Dietary Feeding of Silibinin Induces Human IGFBP-3 Level in Mouse Plasma.
On the basis of our cell culture study where silibinin has shown an antiproliferative effect against androgen-independent human prostate carcinoma PC-3 cells, which was associated with up-regulation of IGFBP-3 (15), we also assessed whether the same mechanism is operative in in vivo condition in inhibiting DU145 tumor xenograft growth in nude mice. For this, using quantikine ELISA, we measured the human IGFBP-3 level in mice plasma secreted by DU145 tumor xenograft after silibinin treatment at the end of experiment. A standard curve was made using recombinant human IGFBP-3 (supplied with kit) in the assay to extrapolate the plasma level of IGFBP-3 (Fig. 4,A). Dietary feeding of silibinin at 0.05 or 0.1% (w/w) dose for 60 days resulted in 2.33 ± 0.46 and 3.38 ± 0.92 ng IGFBP-3/ml plasma as compared with 0.58 ± 0.14 (ng/ml) in control group, respectively (Fig. 4 B), which accounted for 4- and 5.8-fold (P < 0.05) increases as compared with control value, respectively. This observation provides the first evidence for an in vivo association between IGFBP-3 up-regulation and inhibition of PCA tumor xenograft growth by silibinin.
Inhibition of Tumor Xenograft Growth by Silibinin Is at Pharmacologically Achievable Doses Effective in Cell Culture.
After establishing the anticancer effect of silibinin against human PCA tumor xenograft growth in nude mice, we next asked the question what are the pharmacological levels of silibinin in nude mice studies and whether such levels are effective in inhibiting DU145 cell growth in culture. To assess the levels of silibinin in plasma and prostate of the silibinin-fed nude mice, first a standard HPLC profile of silibinin was developed and its retention time was determined (data not shown). On the basis of this HPLC profile of silibinin, a linear detection range of silibinin was next established (data not shown). The silibinin concentrations in plasma and prostate were then calculated under the linear range of detection using area under curve of silibinin peak in HPLC profiles of these samples. As shown in Fig. 5,A, compared with the control samples showing undetectable levels of silibinin, 0.05 or 0.1% silibinin feeding in diet (w/w), resulted in 7.1 ± 0.05 and 12.8 ± 0.09 μg silibinin/ml plasma (corresponding to 15 and 27 μm) in first, and 6.7 ± 0.3 and 10.2 ± 0.5 μg silibinin/ml plasma (corresponding to 14 and 21 μm) in the second set of tumor experiment, respectively (Fig. 5,A). Because of this similar trend in dose-related bioavailability of silibinin in both protocols, the silibinin level in prostate was determine only in first set of tumor study. Both dietary doses of silibinin showed similar trend (as in plasma) in in situ silibinin concentration in prostate accounting for 3.7 and 4.6 μg silibinin/g prostate tissue (corresponding to ∼6 and 10 μmoles silibinin/g tissue), respectively (Fig. 5 A).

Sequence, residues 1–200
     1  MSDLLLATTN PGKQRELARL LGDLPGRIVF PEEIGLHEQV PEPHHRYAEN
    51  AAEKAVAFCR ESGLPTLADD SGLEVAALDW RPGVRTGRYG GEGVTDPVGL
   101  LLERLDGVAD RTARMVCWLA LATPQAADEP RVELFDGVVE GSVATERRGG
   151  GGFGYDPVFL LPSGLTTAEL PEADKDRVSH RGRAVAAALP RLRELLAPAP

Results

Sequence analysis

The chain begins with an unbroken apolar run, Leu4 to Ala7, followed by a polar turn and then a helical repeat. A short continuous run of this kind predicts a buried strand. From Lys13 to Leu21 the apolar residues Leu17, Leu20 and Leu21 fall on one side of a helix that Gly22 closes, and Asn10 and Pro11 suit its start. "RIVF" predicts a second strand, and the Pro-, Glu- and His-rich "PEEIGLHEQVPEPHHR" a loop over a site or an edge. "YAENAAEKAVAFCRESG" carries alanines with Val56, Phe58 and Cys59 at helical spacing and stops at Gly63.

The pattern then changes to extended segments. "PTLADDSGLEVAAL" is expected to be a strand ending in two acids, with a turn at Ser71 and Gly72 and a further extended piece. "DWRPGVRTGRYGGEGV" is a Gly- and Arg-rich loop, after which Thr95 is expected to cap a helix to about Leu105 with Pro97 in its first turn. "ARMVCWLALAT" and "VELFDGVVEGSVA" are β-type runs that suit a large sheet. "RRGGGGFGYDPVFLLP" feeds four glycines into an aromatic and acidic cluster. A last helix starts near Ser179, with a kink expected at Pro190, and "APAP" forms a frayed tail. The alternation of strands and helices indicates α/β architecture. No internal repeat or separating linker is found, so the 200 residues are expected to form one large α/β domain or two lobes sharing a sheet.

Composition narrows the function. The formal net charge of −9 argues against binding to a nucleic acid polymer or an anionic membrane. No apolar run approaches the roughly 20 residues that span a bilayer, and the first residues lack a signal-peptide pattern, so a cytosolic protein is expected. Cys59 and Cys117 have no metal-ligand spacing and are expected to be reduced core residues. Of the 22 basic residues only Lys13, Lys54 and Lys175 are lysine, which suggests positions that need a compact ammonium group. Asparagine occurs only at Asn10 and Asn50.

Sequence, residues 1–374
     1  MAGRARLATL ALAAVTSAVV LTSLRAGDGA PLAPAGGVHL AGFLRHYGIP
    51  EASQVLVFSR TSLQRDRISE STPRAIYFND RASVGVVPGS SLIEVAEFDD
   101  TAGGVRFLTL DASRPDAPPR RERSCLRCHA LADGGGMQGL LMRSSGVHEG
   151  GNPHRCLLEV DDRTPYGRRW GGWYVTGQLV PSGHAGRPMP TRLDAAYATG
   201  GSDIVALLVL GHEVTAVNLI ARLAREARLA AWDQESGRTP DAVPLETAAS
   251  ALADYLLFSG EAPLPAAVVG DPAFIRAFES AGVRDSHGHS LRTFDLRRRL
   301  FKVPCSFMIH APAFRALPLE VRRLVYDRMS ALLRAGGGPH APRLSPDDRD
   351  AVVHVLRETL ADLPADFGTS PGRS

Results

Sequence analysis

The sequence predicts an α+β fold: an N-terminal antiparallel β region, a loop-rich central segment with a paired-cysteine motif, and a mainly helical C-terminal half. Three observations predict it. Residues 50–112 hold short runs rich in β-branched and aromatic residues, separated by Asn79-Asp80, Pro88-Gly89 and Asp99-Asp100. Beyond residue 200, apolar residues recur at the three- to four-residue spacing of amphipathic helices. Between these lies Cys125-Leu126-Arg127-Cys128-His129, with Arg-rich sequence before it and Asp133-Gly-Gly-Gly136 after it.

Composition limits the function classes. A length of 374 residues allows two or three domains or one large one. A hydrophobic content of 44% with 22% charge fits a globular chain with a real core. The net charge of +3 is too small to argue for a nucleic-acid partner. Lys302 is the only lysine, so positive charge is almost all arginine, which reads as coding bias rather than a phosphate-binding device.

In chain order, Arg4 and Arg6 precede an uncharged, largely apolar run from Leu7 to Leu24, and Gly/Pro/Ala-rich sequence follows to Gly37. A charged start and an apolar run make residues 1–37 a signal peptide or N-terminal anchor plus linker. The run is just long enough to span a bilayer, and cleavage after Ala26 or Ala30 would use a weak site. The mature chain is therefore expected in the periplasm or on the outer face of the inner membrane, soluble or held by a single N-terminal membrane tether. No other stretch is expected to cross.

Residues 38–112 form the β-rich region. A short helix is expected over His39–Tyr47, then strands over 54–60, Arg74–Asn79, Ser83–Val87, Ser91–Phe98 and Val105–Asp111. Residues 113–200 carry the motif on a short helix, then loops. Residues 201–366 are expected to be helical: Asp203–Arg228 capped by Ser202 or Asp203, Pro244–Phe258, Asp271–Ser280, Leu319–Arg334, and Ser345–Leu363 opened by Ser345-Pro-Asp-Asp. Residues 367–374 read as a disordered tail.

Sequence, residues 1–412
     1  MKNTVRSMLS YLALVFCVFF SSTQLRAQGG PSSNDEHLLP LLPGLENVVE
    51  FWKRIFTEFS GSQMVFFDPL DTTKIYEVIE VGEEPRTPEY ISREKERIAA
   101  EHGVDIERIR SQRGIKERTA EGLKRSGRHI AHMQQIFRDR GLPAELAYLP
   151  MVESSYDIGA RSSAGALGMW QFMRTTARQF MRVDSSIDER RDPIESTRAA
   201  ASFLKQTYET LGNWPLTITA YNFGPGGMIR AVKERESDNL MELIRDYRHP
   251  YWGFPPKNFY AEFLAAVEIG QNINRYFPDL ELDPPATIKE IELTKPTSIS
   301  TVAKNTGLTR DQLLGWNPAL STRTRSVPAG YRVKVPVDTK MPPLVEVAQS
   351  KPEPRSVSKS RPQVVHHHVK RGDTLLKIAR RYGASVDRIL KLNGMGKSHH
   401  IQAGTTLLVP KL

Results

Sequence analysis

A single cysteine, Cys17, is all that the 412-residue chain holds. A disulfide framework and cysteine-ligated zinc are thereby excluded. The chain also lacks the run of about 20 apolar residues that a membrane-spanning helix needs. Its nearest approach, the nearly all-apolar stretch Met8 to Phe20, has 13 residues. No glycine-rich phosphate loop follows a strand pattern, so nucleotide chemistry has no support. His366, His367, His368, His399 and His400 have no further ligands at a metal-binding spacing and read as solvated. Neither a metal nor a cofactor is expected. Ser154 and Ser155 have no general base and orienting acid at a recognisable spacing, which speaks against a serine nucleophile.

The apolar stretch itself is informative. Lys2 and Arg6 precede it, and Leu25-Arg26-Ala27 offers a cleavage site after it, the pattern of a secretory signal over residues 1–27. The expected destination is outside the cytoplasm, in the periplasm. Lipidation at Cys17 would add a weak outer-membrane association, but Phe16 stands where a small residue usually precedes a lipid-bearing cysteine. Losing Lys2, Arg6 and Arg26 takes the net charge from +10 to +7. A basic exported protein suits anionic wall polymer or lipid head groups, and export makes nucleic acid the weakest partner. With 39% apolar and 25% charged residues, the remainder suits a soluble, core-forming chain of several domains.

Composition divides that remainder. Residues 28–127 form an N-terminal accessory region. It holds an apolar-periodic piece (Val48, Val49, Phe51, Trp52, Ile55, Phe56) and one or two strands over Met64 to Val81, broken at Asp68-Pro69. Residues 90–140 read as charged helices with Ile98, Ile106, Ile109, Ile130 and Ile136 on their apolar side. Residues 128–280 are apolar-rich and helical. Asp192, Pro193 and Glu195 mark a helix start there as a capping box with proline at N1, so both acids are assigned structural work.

The levels of silibinin achievable in the plasma after its dietary feeding were additionally assessed for their biological relevance in DU145 cell cultures. In this study, treatment of DU145 cells for 4 days with 15 and 30 μm doses of silibinin, which are approximately equivalent to 7.1 ± 0.05 and 12.8 ± 0.09 μg silibinin/ml plasma, or with a higher dose of silibinin (50 μm), resulted in 10–25, 29–57, and 55–80% cell growth inhibition at each dose level, respectively (Fig. 5,B). Next, we asked the question of what happens to the silibinin-caused dose-dependent inhibition of DU145 cell growth when silibinin is removed from the medium after a certain time of treatment. To address this question, we did wash out experiments where after 4 days of silibinin treatments at above doses, cell growth was determined from 5–8 days during which time cells were either treated with fresh medium without silibinin everyday (Fig. 5,C) or left in the fresh medium without silibinin for the rest of the days (data not shown). The results of these experiments showed that growth inhibition achieved at 4 days of silibinin treatment remained static during 5–8 days even in the absence of silibinin. This response remained consistent in both subsets of the experiments where growth inhibition rates were 25% in 15 μm silibinin dose, 57% in 30 μm silibinin dose, and 80–81% in 50 μm silibinin dose during 5–8 days of cell growth determination (Fig. 5 C; data not shown).